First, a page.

NBN to trial council-subsidised fibre

NBN to trial council-subsidised fibre

Summary: The National Broadband Network Company (NBN Co) will allow communities in Tasmania to fund a "network extension process" in a trial that would see NBN fibre delivered to areas outside the 93 per cent footprint of the fibre component of the network.

TOPICS: NBN, Broadband

The National Broadband Network Company (NBN Co) will allow communities in Tasmania to fund a "network extension process" in a trial that would see NBN fibre delivered to areas outside the 93 per cent footprint of the fibre component of the network.

At a Parliamentary inquiry in Sydney this morning, NBN Co CEO Mike Quigley revealed that the seven sites in Tasmania — at which NBN Co announced yesterday Conneq would start construction in May — will be part of the trial where councils outside the 93 per cent could opt to pay to have fibre installed.

"We are going to be trialling what we call a network extension process. That is, if an individual or a group of people say 'look we're not inside the fibre footprint but we would like to get the fibre anyway, what is the process for doing that?' and we have had approaches from some councils that have said 'we are prepared to fund the difference'," Quigley said.

The executive warned, however, that the costs for fibre connection outside the 93 per cent footprint are "very expensive", and went in to bat for the wireless and satellite services that will cover the remaining 7 per cent of the population.

"These are radically improved services from what people are getting today," he said. "People in the bush ... will get services that are at least equivalent to what they can get in the cities on ADSL2+ today."

Quigley stated today that NBN Co is restricted by engineering limitations from reaching every community, but said that it is unlikely that regional towns near NBN fibre backhaul will miss out.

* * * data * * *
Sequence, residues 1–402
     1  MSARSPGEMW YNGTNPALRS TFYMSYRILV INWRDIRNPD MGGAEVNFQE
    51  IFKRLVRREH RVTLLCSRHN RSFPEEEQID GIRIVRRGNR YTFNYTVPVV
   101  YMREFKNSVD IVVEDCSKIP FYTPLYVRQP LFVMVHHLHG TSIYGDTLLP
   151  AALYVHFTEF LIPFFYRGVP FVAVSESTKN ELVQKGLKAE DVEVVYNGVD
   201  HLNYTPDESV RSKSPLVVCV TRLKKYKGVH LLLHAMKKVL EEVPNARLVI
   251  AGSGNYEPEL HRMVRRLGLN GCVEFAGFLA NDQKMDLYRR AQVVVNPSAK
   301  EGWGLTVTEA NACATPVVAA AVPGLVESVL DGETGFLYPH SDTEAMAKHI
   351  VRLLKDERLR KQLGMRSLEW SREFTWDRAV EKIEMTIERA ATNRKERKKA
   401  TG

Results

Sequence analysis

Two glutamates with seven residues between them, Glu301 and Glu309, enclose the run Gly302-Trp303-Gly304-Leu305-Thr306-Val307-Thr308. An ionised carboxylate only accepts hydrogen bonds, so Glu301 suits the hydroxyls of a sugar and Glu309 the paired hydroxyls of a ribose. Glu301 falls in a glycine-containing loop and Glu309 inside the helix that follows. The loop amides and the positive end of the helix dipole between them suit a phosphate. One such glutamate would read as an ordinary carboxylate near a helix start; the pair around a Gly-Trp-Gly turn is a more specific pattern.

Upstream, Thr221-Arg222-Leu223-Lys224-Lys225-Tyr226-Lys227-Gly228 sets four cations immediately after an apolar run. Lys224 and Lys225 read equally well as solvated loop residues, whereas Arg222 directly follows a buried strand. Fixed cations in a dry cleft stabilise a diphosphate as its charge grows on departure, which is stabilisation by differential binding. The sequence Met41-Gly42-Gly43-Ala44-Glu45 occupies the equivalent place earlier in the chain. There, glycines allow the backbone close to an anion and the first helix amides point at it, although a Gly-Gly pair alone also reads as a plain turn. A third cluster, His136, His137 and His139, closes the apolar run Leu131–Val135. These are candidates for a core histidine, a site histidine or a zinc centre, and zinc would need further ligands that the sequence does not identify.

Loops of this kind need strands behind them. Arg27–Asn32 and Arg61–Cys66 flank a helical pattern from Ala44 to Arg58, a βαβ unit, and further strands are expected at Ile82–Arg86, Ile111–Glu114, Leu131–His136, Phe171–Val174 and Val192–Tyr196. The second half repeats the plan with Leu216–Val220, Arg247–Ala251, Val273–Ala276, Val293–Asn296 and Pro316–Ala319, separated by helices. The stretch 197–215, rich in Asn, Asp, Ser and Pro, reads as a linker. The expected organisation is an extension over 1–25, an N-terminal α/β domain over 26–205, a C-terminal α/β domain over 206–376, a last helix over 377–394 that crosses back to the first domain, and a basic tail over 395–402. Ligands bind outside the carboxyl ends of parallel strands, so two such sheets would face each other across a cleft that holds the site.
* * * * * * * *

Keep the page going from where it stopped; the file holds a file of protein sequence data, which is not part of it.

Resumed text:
"If there's 1000 or more premises then we will fibre it; if a town is on one of the backhaul routes and it has more than 500 premises we will fibre it," he said.

At a similar inquiry held in Brisbane earlier this month, the government's own Regional Telecommunications Independent Review Committee expressed disappointment that the fibre is only being rolled out to 93 per cent of premises.

The committee said that a pay-for-connection process had been discussed, but that it had concerns over whether communities that funded the fibre extension will own that fibre, or whether NBN Co would retain ownership.

When asked about whether NBN Co will own the fibre for the extension, NBN Co told ZDNet Australia today that as the communities are only paying the difference in the cost to install fibre compared to the cost for installing fibre to the rest of Australia, the ownership will remain with NBN Co.

Topics: NBN, Broadband


Armed with a degree in Computer Science and a Masters in Journalism, Josh keeps a close eye on the telecommunications industry, the National Broadband Network, and all the goings on in government IT.

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  • Makes sense. This plan is a step in the right direction.
    Hubert Cumberdale
  • The 1st step in user pays,just like paying to have the electricity network extended to your property boundary,then they resume the assest,you pay a connection fee & a monthly access fee to access the infrastrucure you paid for and they now own.